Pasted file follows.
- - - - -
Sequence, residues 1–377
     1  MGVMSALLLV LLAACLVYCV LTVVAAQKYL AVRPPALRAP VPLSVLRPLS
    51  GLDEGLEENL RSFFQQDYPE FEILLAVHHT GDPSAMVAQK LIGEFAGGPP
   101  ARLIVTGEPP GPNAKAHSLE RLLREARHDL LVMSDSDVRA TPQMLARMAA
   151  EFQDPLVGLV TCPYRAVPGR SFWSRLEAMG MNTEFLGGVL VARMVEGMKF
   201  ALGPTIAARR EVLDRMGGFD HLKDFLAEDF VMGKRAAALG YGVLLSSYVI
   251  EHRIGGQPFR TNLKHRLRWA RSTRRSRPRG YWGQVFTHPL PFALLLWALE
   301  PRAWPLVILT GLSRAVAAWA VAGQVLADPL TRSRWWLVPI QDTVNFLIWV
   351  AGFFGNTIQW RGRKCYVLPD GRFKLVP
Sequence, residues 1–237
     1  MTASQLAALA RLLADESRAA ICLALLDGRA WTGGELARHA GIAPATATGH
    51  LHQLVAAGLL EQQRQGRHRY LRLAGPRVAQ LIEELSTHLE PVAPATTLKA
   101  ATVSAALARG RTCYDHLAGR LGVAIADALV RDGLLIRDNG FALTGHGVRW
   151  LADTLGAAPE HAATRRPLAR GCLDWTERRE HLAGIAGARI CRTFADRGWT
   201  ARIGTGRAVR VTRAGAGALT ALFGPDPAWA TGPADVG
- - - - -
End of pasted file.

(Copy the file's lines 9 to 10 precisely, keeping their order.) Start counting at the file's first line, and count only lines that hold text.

   351  AGFFGNTIQW RGRKCYVLPD GRFKLVP
Sequence, residues 1–237